Government Spending More Than It Earns, Opposition Claims

Total Croatia News

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ZAGREB, November 20, 2018 – The opposition in the parliament criticised a government proposal for the 2018 budget revision on Monday, saying that the state continued to spend more than it earned and criticising the government over poor absorption of money from EU funds. “When all is added and subtracted, we spend more than we earn, that’s it,” MOST leader Božo Petrov said on government spending.

“If you think that that’s sustainable, I call on citizens to start spending more than they earn and let them see for themselves how that ends,” Petrov told the ruling majority.

He said that Finance Minister Zdravko Marić was like “an octopus trying to plug the holes that are opening up on the ship”, “while smiling to the cameras for PR purposes.”

Petrov said the government lacked a strategy for the management of public finances, that the budget revision did not create conditions for reforms, and that 2.7 billion kuna less than planned had been withdrawn from EU funds.

Social Democrat MP Branko Grčić warned of the same problem, saying that the situation had been similar in 2017. He said that in the past five years of its EU membership Croatia had used up only 14% of EU money available to it and that in the next five years it was expected to absorb and pay out 86% of the total funds at its disposal.

Grčić also warned that tax revenues were growing, meaning the growth of the absolute tax burden on households and the business sector, and that the latest round of tax breaks was insufficient.

Branimir Bunjac of the Živi Zid party claimed the public debt-to-GDP ratio had not declined but had actually increased because the state had paid debts in the amount of 21 billion kuna, and taken loans in the amount of 24 billion kuna. “This is a policy of taking loans to pay loans,” he said.

Commenting on the government’s guarantees for the Uljanik shipbuilding group, in the amount of 4.3 billion kuna, Bunjac said that the government had granted guarantees indiscriminately and that taxpayers would end up paying for everything.

Anka Mrak Taritaš of the GLAS party said that there was nothing dramatic in the budget revision “or any hope of more radical changes in the future”.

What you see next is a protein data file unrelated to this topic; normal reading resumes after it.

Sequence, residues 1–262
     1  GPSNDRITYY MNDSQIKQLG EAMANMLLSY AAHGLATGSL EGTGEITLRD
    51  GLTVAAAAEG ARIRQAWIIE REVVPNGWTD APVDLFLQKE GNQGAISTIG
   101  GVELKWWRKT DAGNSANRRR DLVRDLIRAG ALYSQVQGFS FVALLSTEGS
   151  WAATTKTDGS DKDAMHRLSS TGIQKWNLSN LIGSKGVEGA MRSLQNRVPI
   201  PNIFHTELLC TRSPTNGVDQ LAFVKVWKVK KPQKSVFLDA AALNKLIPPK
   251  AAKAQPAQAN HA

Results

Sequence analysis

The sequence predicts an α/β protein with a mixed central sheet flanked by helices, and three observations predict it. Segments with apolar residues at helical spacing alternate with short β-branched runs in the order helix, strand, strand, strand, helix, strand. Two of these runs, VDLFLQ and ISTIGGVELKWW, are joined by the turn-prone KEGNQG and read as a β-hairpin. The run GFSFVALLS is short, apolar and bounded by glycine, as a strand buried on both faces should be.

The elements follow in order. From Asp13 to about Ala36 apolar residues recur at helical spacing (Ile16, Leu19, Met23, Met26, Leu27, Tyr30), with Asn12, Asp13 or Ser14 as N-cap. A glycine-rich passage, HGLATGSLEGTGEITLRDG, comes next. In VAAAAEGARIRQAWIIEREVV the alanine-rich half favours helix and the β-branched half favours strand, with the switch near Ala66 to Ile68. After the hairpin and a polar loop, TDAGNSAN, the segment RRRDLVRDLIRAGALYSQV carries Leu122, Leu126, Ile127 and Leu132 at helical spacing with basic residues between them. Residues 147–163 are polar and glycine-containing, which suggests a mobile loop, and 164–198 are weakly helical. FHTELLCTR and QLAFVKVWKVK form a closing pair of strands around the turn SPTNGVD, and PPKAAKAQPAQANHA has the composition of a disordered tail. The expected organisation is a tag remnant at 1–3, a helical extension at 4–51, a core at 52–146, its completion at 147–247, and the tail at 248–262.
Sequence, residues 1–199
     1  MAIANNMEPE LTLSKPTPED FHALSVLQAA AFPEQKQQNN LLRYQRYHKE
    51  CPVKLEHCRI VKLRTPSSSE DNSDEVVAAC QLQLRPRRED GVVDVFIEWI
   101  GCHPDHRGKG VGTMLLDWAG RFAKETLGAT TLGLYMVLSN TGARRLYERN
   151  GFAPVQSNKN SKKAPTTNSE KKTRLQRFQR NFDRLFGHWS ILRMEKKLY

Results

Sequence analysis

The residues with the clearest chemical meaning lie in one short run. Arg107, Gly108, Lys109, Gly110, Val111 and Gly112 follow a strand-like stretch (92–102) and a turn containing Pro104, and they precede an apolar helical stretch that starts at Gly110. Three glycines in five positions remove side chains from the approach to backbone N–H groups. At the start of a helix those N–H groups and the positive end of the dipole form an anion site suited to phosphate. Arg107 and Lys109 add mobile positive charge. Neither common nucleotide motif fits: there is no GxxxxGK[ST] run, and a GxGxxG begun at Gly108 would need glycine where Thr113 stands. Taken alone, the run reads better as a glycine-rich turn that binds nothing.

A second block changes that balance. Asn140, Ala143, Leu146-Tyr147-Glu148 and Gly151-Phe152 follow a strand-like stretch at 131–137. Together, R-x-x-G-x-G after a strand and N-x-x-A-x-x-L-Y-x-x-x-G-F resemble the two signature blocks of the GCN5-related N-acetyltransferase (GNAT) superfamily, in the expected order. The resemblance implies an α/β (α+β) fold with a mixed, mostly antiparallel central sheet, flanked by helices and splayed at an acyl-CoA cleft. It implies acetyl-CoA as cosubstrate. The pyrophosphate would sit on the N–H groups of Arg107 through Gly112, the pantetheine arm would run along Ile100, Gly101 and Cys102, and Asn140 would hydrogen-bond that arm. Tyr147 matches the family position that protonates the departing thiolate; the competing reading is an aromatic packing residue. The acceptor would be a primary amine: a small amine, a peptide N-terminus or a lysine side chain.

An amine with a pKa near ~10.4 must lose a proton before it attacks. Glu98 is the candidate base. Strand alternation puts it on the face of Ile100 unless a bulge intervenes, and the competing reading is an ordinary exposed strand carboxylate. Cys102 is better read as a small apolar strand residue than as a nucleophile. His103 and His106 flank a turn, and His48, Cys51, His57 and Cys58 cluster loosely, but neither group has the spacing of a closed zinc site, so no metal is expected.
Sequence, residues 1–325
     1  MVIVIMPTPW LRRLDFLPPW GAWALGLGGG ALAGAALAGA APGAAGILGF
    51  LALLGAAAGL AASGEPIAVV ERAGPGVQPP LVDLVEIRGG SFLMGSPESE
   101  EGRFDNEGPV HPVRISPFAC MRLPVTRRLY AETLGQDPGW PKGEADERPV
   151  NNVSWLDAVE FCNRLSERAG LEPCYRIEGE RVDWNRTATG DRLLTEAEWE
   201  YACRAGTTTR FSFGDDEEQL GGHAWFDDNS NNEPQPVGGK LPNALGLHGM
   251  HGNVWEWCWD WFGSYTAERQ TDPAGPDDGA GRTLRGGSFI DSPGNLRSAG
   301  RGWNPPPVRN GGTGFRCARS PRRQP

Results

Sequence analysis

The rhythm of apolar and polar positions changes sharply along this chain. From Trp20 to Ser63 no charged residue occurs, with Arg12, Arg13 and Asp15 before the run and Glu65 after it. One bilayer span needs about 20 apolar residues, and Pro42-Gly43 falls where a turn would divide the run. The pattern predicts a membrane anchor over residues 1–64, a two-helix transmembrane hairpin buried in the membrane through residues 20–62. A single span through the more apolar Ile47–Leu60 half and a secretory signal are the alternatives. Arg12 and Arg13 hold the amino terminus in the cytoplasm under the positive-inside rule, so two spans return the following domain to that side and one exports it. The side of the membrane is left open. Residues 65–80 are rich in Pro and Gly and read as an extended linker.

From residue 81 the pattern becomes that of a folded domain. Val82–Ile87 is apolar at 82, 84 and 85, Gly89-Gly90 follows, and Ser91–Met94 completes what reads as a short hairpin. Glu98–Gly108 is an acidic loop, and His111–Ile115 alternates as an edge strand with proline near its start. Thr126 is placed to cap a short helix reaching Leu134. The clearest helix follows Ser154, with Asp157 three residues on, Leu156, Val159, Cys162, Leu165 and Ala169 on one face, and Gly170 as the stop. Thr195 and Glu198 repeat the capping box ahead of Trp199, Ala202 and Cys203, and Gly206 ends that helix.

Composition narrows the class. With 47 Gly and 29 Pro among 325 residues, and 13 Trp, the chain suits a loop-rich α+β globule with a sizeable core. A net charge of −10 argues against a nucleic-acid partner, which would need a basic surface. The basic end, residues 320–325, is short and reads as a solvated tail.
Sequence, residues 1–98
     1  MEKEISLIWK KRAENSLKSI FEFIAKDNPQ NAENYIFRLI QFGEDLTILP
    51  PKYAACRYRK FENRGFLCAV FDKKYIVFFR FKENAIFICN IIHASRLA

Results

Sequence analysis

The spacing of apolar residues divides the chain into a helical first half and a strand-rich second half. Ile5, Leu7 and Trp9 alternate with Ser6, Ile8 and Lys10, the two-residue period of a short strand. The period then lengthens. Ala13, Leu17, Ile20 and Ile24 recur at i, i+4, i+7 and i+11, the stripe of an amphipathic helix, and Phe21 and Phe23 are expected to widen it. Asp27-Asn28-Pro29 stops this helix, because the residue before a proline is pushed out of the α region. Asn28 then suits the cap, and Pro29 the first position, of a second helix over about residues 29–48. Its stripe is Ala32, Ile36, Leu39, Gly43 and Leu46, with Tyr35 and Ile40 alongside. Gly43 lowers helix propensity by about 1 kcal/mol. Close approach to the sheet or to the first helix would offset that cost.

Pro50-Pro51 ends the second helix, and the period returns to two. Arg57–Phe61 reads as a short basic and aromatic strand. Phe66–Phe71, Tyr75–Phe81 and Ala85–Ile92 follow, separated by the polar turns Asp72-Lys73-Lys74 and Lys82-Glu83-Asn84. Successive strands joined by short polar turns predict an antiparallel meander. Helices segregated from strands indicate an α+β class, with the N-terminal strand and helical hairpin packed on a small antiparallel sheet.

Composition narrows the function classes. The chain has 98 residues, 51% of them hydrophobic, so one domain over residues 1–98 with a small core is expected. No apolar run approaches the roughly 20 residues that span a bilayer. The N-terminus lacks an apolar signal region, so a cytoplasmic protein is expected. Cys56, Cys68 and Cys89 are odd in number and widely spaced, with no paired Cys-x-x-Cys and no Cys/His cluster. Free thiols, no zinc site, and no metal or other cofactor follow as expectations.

Boris Milošević of the Independent Democratic Serb Party (SDSS) said that the problem with planning EU funds was not a new one and that it had persisted for years, calling on the Finance Ministry to help other ministries plan their budgets better.

Ivan Lovrinović of the Promijenimo Hrvatsku (Let’s Change Croatia) party said that the budget was unrealistic. “With the economic policy which Croatia has been pursuing for years we cannot achieve a GDP growth rate of more than 3% no matter what we do, and the economy must grow by 3% so that we can just pay interest on state debt,” said Lovrinović.

Ruling HDZ party whip Branko Bačić said that 2018 had been a challenging year and recalled the agreement on the settlement of the Agrokor conglomerate’s debt, the problem of the Uljanik and 3. Maj shipyards, and the restructuring of the Petrokemija artificial fertiliser company, and commended the management of public finances in those circumstances.

“If we were not faced with the enforcement of guarantees in the amount of 2.6 billion kuna for Uljanik, the budget revision would technically result in a greater surplus than last year,” said Bačić, commending a decrease in spending on interest of 100 million euro.

Ivan Šuker of the HDZ said that the reforms launched had yielded results on the revenue side of the budget while the expenditure side was affected by long-standing structural problems, the health system and the enforcement of government guarantees for ailing shipyards.

For more on Croatia’s budget, click here.


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